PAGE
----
"I believe Jack's meatballs may already be leaning toward crude side of names," she laughs, though delighted at the idea of such. She worked with an all male company for quite some time. Though still a lady, she isn't shocked by rude words. "What are they called when not in polite company? I promise I will not slap you for saying a dirty word in my presence." Her tone gets slightly conspiratorial. At the mention of Vancouver, she smiles and nods. "Perhaps I will. Though, I have gotten quite enough of rainy and overcast for quite some time. There are days when I wonder why I did not help set up SHIELD in LA."

"Meatballs in and of itself is not exactly the politest of descriptors. I'm surprised someone didn't try to rename them at some point. Improper and all," Johnny affects a fairly spot-on upper class London accent. "Well, for one, the platter usually comes with sausages, too. Usually served piled high on a platter, to a crowd." He lets that image land and then adds, "There's not many women up here during the off-season."

At Johnny's British accent, Peggy's eyebrows raise in surprise and she gives an unrestrained laugh. She wasn't expecting that from the man. "I must say, you could easily pass for an Englishman," she praises the imitation. "Was that your original accent?" Because in 1890s, it could have been. At the explanation, she smirks and shakes her head. "I see. I've never seen the fascination that men have with their phallic tendencies in names and buildings and food." It's not that she's offended, she's genuinely curious. With a roll of her eyes, she adds, "I've heard all too often how without the company of women, many men would resort to savagery. Or, I guess, multiple dirty jokes about their food of choice."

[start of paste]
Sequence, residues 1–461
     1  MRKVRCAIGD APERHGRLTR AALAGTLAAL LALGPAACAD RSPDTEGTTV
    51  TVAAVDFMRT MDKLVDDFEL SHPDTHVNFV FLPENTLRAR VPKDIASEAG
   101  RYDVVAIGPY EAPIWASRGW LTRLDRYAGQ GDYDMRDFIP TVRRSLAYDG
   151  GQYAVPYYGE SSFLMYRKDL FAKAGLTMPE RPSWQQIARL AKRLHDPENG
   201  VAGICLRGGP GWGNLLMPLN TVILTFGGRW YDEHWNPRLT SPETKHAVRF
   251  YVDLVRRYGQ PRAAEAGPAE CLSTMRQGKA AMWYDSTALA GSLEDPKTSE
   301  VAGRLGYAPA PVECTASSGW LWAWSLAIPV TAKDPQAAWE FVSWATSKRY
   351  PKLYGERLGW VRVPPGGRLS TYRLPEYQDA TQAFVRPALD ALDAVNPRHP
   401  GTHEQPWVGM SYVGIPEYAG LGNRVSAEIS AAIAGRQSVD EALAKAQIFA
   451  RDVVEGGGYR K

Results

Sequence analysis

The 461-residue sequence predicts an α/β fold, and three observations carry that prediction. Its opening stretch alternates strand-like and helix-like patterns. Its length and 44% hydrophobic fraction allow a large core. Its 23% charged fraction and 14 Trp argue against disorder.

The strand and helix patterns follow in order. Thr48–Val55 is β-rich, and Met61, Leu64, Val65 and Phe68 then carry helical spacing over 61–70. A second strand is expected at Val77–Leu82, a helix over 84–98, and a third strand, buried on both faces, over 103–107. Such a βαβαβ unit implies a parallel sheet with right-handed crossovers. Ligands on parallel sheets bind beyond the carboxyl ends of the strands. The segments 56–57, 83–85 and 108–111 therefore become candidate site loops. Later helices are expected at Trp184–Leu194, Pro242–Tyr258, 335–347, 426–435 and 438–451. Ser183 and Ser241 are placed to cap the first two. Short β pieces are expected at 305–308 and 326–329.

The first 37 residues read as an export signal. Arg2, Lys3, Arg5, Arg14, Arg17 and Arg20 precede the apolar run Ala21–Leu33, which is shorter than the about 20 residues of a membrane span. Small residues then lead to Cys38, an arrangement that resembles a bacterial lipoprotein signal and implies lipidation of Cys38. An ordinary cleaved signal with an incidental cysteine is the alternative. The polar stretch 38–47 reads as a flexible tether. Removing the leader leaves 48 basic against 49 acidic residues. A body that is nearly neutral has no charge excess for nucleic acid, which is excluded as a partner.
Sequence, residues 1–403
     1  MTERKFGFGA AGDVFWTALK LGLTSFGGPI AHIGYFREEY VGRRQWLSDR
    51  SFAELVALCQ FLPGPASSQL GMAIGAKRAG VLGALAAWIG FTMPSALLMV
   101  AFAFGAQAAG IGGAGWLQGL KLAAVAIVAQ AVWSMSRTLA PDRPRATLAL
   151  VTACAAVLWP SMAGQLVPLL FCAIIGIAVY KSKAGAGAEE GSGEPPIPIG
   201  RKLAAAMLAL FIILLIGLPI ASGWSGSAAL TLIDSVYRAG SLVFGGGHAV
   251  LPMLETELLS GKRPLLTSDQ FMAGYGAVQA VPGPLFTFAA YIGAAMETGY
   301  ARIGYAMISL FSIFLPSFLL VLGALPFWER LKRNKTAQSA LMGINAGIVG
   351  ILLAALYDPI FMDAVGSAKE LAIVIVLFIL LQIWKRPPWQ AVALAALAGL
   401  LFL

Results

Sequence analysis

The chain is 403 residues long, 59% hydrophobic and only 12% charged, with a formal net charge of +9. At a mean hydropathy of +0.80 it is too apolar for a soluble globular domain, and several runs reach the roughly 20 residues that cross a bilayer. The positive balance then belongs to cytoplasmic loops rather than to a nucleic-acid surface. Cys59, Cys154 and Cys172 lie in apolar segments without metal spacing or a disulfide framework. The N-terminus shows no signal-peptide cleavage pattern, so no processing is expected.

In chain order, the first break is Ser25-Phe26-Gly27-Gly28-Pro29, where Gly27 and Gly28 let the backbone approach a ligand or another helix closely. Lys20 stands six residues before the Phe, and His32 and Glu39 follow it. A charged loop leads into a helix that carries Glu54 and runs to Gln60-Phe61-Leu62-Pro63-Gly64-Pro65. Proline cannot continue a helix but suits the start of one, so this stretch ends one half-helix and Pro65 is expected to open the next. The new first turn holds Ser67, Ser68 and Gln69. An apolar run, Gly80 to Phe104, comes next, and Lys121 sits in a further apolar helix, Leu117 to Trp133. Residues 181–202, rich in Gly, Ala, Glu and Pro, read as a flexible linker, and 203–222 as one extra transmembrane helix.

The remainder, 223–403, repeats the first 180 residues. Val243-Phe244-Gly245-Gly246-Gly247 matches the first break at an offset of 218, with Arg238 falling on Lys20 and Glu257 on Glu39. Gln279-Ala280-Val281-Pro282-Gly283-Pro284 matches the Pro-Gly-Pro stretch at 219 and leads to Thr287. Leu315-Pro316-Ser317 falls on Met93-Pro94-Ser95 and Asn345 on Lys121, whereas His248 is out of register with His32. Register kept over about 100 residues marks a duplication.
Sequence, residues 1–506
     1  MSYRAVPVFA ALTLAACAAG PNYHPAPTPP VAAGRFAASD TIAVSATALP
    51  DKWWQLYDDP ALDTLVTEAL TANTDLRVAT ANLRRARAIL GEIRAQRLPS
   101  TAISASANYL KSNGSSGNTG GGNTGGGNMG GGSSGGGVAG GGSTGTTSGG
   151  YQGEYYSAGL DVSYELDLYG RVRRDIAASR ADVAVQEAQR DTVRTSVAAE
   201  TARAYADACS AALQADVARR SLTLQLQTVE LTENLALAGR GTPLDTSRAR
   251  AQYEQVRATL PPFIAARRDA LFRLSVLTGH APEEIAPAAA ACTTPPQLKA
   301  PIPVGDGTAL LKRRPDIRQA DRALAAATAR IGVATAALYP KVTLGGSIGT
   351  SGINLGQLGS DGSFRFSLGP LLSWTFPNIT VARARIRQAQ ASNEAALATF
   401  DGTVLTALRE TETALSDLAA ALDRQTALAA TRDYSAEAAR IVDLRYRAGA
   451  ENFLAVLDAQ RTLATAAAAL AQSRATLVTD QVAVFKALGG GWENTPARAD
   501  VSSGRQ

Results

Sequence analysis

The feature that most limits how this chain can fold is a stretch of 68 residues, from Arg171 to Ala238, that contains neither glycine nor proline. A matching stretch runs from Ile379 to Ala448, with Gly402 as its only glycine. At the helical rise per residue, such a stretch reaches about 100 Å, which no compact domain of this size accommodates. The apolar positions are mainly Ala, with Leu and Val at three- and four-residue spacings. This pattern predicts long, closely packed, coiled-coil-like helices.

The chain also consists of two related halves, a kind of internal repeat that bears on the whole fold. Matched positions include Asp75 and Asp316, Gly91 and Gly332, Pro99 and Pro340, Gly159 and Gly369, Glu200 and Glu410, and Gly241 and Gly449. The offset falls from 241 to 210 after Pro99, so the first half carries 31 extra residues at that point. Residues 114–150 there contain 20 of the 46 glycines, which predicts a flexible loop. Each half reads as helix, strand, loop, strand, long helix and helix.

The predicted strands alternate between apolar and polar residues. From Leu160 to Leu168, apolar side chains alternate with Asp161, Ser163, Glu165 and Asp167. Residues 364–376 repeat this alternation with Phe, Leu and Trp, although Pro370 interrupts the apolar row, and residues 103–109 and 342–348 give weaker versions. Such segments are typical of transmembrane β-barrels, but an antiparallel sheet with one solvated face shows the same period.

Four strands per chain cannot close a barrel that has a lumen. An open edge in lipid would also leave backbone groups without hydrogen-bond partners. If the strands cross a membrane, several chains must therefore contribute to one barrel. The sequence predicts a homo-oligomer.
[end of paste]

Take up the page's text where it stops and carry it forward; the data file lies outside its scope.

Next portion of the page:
"With no one around to impress, why bother pretending you're not immature?" says Johnny with a grin. Their drinks and the meatballs arrive. It's a platter of about a dozen and a half cocktail-sized ones with dipping sauce in the middle. "Oh, they're usually bigger than this. Tell Jack his tundra nuts are shrivelling," this to the server, who snort-laughs and moves off.
He skewers one with a toothpick and dips it in the sauce. "I've always been good at accents. And languages. And yes, we did sound more like you back in the day. Although I grew up speaking French and Algonquin."